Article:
I didn't even think of the Bronx. Being in northern Manhattan, you should look there too. But totally give the street parking a shot - who knows, it might actually work for you, and the price is right. Good luck :)
posted by jacquilinala at 8:49 AM on August 19, 2009


Thanks for the superb tips, everyone. Truly an enlightening read for a city-car-newbie.

>"Honestly, I lasted three months trying to keep my beloved 15 year old Honda Civic hatchback in the city. Then I just gave it to a friend in Vermont. It just wasn't worth it. "

For the record, I've begun spreading the word among friends and friends' friends.

I also took out this ad in craigslist. Surprisingly gotten a couple of responses so far already, both of which actually sound like they could work (one being a teacher with a private driveway and a 12 mile commute). (I'm very cautious of craigslist responders; and I'll definitely interview and check out any applicant). A friend's friend would be better of course.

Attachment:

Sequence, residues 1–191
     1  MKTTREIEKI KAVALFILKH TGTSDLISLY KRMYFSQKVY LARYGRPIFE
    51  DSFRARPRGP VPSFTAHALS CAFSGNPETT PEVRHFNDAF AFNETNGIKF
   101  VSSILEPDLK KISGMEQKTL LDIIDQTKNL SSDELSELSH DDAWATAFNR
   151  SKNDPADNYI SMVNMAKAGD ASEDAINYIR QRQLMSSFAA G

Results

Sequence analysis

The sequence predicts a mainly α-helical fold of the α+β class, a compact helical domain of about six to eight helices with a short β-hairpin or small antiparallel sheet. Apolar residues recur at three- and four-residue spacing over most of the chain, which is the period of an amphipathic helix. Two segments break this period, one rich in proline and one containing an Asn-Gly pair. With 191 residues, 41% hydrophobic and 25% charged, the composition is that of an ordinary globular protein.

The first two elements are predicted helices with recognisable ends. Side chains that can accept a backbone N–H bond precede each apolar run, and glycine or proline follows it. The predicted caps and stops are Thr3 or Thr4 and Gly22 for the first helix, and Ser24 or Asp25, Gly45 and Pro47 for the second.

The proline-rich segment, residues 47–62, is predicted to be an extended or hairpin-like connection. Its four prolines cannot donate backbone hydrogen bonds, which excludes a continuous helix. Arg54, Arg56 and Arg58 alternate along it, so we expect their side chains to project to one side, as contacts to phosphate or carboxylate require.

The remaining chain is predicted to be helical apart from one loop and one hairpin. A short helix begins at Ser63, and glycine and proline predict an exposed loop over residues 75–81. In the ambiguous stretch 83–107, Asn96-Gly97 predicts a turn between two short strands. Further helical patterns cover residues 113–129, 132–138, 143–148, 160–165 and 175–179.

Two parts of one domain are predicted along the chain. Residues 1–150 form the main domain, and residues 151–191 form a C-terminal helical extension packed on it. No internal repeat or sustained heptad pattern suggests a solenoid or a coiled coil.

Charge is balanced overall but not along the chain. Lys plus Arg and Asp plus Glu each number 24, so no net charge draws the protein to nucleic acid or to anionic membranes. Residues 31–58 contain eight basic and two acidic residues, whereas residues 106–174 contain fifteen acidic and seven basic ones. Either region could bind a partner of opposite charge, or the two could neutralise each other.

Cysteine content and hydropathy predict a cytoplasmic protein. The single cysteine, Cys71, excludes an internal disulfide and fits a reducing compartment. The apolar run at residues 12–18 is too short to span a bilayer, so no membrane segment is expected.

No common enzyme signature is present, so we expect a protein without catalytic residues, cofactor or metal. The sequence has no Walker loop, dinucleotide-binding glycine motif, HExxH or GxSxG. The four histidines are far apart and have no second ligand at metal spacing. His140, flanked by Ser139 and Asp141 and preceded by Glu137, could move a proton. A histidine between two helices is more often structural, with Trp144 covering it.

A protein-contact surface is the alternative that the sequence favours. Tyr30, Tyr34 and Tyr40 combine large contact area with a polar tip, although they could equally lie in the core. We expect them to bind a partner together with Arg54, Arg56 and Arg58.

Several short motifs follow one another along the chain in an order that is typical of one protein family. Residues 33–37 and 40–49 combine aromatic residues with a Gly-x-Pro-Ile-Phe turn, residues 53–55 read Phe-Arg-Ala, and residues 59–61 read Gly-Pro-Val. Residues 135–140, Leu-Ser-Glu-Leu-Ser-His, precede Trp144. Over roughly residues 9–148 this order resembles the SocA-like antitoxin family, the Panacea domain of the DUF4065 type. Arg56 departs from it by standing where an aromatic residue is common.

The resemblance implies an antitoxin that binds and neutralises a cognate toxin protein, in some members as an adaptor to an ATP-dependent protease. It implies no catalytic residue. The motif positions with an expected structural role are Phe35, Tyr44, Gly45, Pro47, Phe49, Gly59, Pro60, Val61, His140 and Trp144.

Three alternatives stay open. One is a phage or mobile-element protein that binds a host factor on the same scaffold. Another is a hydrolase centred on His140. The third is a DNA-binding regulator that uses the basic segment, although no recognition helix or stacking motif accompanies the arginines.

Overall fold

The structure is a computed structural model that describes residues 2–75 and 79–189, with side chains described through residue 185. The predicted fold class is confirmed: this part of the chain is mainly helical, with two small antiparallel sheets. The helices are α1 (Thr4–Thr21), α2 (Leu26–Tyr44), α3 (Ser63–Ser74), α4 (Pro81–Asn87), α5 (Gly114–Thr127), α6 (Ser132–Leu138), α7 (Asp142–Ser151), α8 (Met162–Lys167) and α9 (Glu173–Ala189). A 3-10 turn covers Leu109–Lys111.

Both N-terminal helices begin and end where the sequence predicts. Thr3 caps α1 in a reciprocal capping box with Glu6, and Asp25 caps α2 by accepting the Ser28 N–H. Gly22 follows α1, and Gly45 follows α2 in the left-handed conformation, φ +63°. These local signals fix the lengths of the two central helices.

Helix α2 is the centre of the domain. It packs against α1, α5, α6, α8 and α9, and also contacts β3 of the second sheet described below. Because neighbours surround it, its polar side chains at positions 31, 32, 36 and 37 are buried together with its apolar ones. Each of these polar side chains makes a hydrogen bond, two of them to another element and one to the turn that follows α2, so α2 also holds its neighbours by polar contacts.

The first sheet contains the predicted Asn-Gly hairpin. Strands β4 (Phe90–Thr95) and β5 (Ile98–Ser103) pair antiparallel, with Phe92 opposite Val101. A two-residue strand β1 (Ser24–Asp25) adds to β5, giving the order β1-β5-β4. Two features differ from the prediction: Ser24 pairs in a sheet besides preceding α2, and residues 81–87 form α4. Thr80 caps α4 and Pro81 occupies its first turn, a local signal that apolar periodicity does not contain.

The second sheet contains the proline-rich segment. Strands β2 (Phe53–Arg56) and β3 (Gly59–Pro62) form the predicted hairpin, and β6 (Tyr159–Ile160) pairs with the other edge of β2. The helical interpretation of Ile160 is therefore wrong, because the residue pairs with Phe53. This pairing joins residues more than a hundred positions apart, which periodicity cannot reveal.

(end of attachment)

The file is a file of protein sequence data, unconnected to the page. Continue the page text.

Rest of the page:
And since I've linked the craigslist ad here, I guess any of your friends would count too ;)
posted by jak68 at 9:40 AM on August 19, 2009


Update, the teacher lives in Westchester. ;) So barring anything unforeseen, I may have found my driver ;-D

yay for askmefi and craigslist ;)
posted by jak68 at 9:47 AM on August 19, 2009


(Late now, but I had to add my two cents.)

In Brooklyn at least, a ticket for screwing up alternate-side parking is only $45, definitely not $100. Whatever you do, don't get fed up and try to squeeze in near a fire hydrant, because the ticket for that is waaaaay more (and they can tow you) (uh, not that I speak from repeated experience or anything).
posted by eleutheria at 11:41 AM on August 19, 2009


thejoshu, that's great info. I owe you a beer or three.
posted by Caviar at 9:36 AM on August 24, 2009